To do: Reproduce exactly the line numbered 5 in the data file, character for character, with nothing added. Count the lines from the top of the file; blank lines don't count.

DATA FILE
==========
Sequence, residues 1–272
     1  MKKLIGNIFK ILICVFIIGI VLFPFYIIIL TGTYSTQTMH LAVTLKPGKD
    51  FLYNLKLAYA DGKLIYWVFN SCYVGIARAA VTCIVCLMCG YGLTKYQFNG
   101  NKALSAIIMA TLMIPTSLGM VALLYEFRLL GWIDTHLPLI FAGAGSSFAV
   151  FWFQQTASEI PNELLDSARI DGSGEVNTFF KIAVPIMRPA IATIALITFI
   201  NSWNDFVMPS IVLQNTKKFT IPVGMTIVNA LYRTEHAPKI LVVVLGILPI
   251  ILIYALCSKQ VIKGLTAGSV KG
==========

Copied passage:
   151  FWFQQTASEI PNELLDSARI DGSGEVNTFF KIAVPIMRPA IATIALITFI